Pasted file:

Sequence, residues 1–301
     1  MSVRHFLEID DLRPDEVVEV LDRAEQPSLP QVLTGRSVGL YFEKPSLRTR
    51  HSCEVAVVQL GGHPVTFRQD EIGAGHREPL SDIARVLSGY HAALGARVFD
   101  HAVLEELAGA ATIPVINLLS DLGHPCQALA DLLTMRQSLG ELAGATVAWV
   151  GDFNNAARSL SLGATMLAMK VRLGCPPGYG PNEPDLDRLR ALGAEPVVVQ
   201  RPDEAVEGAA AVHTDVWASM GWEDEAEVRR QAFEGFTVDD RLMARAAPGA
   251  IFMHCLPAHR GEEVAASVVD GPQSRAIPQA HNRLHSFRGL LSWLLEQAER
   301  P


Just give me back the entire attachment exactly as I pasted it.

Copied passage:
Sequence, residues 1–301
     1  MSVRHFLEID DLRPDEVVEV LDRAEQPSLP QVLTGRSVGL YFEKPSLRTR
    51  HSCEVAVVQL GGHPVTFRQD EIGAGHREPL SDIARVLSGY HAALGARVFD
   101  HAVLEELAGA ATIPVINLLS DLGHPCQALA DLLTMRQSLG ELAGATVAWV
   151  GDFNNAARSL SLGATMLAMK VRLGCPPGYG PNEPDLDRLR ALGAEPVVVQ
   201  RPDEAVEGAA AVHTDVWASM GWEDEAEVRR QAFEGFTVDD RLMARAAPGA
   251  IFMHCLPAHR GEEVAASVVD GPQSRAIPQA HNRLHSFRGL LSWLLEQAER
   301  P